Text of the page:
I’m out of the rapids and into the flats and meadows of Sterling, headed south to the Passaic River County Park. This is a gracious stretch. The river still has a good current from the rain. I’m paddling under the angular arches of fallen trees – occasionally portaging over trees that completely block the river. There are trees that offer a path through dense sections of smaller branches and floating masses of logs. I developed a technique where I reach far forward with my paddle, securing it on both ends to whatever I can and then pulling my craft forward. It’s like a reverse bench press and it works surprisingly well. Best of all, it’s a lot faster than a portage, and it keeps me engaged with the river.
As I make the turn east just above route 78, I’m in the Passaic River County Park. This is a truly wondrous stretch. The sun has come out. The trees bending over the river are radiant in their shades of translucent green and I float through them at every turn. The river seems broad and shallow, and the sun seems to make it translucent through to the bottom. I can’t see the bottom, but I can sure feel it.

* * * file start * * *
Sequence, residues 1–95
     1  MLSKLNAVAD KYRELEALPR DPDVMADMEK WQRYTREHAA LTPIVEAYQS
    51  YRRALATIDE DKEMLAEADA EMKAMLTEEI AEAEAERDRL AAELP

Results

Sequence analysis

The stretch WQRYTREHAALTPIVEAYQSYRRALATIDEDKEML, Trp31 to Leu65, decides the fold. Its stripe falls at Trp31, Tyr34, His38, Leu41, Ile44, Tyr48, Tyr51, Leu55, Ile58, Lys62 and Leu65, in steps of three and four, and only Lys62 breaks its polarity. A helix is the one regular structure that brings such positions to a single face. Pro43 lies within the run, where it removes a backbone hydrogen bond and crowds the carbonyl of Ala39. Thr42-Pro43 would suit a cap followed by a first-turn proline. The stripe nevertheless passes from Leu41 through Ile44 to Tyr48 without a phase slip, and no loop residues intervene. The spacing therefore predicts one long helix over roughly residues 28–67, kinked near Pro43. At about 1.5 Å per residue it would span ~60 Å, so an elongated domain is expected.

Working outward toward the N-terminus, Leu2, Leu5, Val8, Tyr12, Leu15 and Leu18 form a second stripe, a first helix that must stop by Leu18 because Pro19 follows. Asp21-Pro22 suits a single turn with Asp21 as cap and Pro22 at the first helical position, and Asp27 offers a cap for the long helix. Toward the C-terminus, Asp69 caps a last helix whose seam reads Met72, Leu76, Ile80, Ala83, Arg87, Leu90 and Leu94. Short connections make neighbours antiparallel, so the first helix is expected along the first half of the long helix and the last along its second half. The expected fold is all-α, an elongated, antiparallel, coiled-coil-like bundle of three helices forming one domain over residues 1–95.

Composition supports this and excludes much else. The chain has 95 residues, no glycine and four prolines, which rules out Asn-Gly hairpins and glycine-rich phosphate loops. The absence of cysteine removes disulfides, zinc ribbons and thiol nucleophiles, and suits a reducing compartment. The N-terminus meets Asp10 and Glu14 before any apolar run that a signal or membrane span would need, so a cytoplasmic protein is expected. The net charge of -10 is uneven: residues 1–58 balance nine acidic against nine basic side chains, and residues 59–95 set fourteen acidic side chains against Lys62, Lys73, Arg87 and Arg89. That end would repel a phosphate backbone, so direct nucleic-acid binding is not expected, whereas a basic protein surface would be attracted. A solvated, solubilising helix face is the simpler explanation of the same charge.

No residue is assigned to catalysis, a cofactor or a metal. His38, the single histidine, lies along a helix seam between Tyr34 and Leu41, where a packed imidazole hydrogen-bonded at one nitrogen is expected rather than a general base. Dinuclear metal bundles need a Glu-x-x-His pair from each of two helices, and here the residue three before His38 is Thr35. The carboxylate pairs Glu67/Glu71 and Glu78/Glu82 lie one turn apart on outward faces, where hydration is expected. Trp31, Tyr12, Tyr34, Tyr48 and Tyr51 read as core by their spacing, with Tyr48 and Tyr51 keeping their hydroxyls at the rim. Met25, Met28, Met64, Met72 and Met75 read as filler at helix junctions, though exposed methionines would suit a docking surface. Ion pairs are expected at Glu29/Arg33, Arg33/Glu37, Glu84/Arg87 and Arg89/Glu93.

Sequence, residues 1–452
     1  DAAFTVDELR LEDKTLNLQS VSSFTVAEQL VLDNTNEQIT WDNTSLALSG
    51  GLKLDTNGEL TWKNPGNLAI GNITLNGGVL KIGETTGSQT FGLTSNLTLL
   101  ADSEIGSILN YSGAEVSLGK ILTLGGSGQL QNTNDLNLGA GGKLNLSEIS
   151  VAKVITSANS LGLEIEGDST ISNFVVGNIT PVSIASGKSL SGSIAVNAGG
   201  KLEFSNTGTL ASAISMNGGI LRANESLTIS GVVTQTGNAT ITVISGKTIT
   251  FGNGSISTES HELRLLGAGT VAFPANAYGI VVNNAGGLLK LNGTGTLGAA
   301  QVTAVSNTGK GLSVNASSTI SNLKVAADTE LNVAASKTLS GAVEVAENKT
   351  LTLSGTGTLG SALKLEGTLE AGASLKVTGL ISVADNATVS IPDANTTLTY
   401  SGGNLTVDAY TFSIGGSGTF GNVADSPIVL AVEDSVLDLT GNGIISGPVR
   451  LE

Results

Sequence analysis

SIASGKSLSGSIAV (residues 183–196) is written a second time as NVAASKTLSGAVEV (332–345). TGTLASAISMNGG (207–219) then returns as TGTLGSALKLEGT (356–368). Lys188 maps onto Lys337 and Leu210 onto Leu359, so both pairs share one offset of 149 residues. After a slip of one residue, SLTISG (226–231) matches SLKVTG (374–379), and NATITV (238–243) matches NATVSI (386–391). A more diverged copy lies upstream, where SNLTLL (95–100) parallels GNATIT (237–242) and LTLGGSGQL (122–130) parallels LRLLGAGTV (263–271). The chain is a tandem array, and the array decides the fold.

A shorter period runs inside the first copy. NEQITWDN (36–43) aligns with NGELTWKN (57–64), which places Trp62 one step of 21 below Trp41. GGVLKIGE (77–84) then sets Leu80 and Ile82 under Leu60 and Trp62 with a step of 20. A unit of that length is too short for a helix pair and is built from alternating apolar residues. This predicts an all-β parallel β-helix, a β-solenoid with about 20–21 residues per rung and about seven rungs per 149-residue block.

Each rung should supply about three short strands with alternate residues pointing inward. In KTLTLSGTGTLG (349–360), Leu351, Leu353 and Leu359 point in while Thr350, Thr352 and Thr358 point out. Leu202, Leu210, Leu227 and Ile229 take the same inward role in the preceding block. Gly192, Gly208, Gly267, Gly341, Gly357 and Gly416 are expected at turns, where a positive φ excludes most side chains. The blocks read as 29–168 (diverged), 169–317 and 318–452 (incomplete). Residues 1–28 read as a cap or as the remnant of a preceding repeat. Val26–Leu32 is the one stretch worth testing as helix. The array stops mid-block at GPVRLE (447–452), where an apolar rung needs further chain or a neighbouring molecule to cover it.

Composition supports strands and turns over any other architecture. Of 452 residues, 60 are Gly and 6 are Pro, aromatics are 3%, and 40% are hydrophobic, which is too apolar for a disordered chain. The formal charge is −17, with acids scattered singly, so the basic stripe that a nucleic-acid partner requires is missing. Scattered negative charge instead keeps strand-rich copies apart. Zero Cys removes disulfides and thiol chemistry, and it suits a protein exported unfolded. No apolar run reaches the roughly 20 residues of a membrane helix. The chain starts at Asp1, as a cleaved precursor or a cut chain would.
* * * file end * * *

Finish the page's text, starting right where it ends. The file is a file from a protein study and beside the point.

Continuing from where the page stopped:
The water has risen up over the banks and the swamp maple tree trunks are now in the river. It’s great fun to paddle around them. There are so many, I can only imagine this stretch in full fall foliage. Trip anyone?
There is a stretch along the Warren Township Planning Incent. Don’t let that mouthful of a name dissuade you from visiting. This is a good sized track of meadows and forest with the Passaic passing through. The light, open space and general grace of the land is delightful. It’s the section of the whole trip where I feel most connected to the river, it’s very alive and I am welcome paddling over it.
I continue along with a good current, into what should be a much more built up area. But again, while there are a few stretches of houses, a ball field and a sewage treatment plant, deep forests are the overwhelming experience.
As I get closer to home in Chatham, the bridges and other surroundings become familiar. I pull under the Stanley Street Bridge at Stanley Park and beach my kayak. I check my phone for the first time. It’s 1 p.m. I have just covered 17 miles in 4 hours. I had hoped to go this far in a day. Doing so in 4 hours with portages and log hops is a stunner. It’s an expansive day – I feel like I’m soaring through – this unknown wilderness opening up in front of me at every turn. Wow.
I call home, and my wife Maia and our boys James and Chris ride down to join me for lunch. They bring water and cookies. I regal them with stories and we walk along the river bank. After hugs a plenty, and with my legs working normally again, I’m back in the kayak. It’s time for what I now call the Chatham Chop.